Far Cry 4: Valley of the Yetis
Valley of the Yetis is easily Far Cry 4's most substantial DLC, adding a new large area, mechanics, and even a small amount of story to Ajay Ghale's journey in Kyrat. The easiest way to describe Valley of the Yetis is miniature Far Cry 4. You start from scratch when your helicopter crash lands in a new section of the Himalayan mountains, which means all the progress you made in Far Cry 4 doesn't apply here. To access the DLC, you don't even enter your main game. Valley of the Yetis appears as a new item on the game's main menu.
Immediately after crashing, your pilot is taken and no one from the Golden Path is able to come get you for a few days. You have to find your pilot and new weapons, explore a new area about 15 percent the size of Kyrat, build up your experience from zero, and even re-craft materials like wallets and gun holsters. This isn't the huge extended Far Cry 4 adventure, however, so experience comes quickly and most of the pelts you need are found in treasure chests instead of killing animals out in the field – though there is still plenty of opportunity to hunt. This gives you all the fun of building up Ajay Ghale, making him stronger, and expanding your inventory, but at a much quicker pace.
Where Valley of they Yetis separates itself from the structure established in Far Cry 4 is with your home base, the relay station, and how you must protect it every night as you wait for your friends to arrive. You initially take it over as you would a typical outpost. Once it's yours, you can build up its defenses to prepare yourself for the nightly onslaughts of The Awakened Ones, who want you out of their valley. In the same way you could deck out the Ghale homestead in Far Cry 4, you can build up the relay station with mines along the perimeter, caged bears, flammable oil slicks, and explosive barrels that can be shot down from the tops of trees as unsuspecting enemies try to attack below.
Far Cry has flirted with a few tower defense-type sequences like this, but it has never been better executed within the series than in Valley of the Yetis. Building up your home is empowering, and listening to the radio chatter call out the directions the enemies are coming from (giving you ample time to set your traps) is a lot of fun. The night time is should be intimidating, but I always looked forward to kicking off these missions and taking on the hordes, even when the terrifying yetis joined their ranks – and the yetis are scary.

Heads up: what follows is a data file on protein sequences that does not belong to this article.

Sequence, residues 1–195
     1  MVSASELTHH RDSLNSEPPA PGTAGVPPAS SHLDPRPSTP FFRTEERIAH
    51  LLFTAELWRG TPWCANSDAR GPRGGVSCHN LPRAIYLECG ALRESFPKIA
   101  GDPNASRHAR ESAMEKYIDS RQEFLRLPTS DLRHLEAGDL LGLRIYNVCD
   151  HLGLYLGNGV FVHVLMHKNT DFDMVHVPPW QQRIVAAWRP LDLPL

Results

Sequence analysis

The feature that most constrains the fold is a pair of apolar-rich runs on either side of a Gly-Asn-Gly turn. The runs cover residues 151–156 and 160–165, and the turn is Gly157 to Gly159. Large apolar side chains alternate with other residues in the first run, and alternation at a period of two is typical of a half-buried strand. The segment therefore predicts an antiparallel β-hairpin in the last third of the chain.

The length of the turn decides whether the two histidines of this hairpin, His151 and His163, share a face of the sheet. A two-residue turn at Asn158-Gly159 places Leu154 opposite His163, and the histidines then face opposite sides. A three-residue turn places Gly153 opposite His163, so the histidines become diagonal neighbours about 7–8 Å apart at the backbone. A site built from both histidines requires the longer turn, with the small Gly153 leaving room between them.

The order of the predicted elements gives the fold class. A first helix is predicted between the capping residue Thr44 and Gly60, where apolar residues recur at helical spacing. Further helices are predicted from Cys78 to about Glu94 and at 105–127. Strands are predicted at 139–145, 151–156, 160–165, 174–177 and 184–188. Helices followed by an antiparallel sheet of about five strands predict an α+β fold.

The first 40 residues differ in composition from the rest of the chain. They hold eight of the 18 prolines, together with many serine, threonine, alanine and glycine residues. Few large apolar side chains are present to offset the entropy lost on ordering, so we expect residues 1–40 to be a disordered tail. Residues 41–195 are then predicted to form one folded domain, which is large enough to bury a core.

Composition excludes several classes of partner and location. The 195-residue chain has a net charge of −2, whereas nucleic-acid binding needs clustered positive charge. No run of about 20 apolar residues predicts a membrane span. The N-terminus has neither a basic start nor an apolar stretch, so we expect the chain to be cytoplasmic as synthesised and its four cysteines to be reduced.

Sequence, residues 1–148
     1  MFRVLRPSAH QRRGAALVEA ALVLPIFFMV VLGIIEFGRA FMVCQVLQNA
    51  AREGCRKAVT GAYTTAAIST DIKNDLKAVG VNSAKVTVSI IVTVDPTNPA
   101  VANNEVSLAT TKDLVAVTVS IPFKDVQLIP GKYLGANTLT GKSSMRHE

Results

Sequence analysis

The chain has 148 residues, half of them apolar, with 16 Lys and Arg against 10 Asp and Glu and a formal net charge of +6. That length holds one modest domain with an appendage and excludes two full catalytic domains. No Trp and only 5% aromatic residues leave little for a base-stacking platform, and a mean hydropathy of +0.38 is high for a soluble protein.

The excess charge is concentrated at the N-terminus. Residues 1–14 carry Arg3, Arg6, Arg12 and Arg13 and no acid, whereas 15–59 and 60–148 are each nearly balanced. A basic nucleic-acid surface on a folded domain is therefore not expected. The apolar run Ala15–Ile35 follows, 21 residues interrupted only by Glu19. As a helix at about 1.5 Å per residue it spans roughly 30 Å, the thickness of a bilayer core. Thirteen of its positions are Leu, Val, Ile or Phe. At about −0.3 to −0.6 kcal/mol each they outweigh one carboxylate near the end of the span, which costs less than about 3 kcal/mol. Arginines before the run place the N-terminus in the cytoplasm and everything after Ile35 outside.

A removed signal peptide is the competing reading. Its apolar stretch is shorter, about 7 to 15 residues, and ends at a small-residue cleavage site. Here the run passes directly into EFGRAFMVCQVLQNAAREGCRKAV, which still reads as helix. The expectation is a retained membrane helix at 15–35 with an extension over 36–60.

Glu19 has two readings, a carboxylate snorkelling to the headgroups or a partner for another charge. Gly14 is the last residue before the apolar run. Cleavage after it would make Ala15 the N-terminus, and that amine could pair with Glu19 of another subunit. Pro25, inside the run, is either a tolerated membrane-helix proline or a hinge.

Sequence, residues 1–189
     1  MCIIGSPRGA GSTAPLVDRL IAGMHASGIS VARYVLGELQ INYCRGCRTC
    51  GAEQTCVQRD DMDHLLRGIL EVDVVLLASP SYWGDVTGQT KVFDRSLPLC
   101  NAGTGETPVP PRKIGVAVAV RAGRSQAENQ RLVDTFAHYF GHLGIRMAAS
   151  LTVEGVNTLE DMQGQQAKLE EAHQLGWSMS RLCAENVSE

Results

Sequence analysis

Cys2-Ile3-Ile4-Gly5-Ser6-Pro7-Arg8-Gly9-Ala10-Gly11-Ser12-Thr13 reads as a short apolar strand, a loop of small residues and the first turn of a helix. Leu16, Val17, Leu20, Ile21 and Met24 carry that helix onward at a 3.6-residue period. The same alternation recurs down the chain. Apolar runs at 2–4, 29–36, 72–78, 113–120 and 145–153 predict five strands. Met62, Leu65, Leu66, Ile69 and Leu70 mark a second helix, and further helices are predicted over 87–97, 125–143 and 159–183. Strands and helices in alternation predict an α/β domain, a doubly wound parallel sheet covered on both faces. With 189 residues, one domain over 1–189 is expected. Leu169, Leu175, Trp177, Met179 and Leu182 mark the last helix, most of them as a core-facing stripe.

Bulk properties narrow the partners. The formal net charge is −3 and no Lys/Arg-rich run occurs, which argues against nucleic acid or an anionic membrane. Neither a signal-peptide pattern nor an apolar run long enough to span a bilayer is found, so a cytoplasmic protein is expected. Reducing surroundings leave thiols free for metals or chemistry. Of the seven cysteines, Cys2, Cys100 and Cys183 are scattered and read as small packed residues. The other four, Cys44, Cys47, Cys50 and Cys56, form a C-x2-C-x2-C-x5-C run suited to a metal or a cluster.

You encounter them during the story missions, but my favorite yeti encounter was my first one. I drove by one out in the wild in the middle of the day, and initially thought it was a normal enemy until I got close. They're twice as tall as the average soldier, and feel out of place – but in a very cool and intimidating way. Fighting the yetis is tough, but fun. You can't outrun them, but if you pull off enough headshots, you can jump on their backs and take them out from behind, leading to a very satisfying victory.
Ajay's journey to the valley is framed in a story, and he does have a few lines that give him slightly more personality than he had in Far Cry 4, but not much. You never meet the main antagonist outside of hearing him on the radio, so he comes off more as just a voice for the collective whole of The Awakened Ones who just don't happen to like you. Valley of the Yetis ends on an interesting note, but I never felt compelled to continue to fight for emotional reasons – I just wanted to earn more money and experience.
Valley of the Yetis also lacks what casual survey leads to me to believe is everyone's (and my own) favorite aspect of Far Cry – liberating outposts. You take over your relay station and a handful of daytime missions exist where you must battle in locations with alarms that must be deactivated, but you won't find a map full of established enemy bases in need of clean-up. Instead, a series of side-missions that aren't terribly diverse, but are still fairly enjoyable, fill out the daytime activities.
Because the DLC features fantastical elements (depending on how you feel about the existence of yetis), is substantial, and has the Far Cry moniker, comparisons will be drawn between Far Cry 3's Blood Dragon downloadable game. Those comparisons aren't inappropriate as Valley of the Yetis is a comparably large piece of game, but it doesn't quite go as far as Blood Dragon does in terms of reevaluating the mechanics and aesthetics established in Far Cry 3.Where Blood Dragon felt simlar, but was able to radically separate itself from Far Cry 3, Valley of the Yetis feels like an extension of Far Cry 4. You're still Ajay Ghale and you're still in the Himalayas, but your mission has changed and you have a new enemy.
Valley of the Yetis is easily Far Cry 4's best post-release offering. It's small enough where you can see everything it has to offer in a reasonable amount of time, but large enough where you feel like you're getting a whole new Far Cry 4 experience. It's more Far Cry 4 in the best way, and there's enough new content here where nothing feels like a retread – it feels like an extension.
Valley of the Yetis is easily Far Cry 4's most substantial DLC, addinga new large area, mechanics, and even a small amount of story to Ajay Ghale's journey in Kyrat.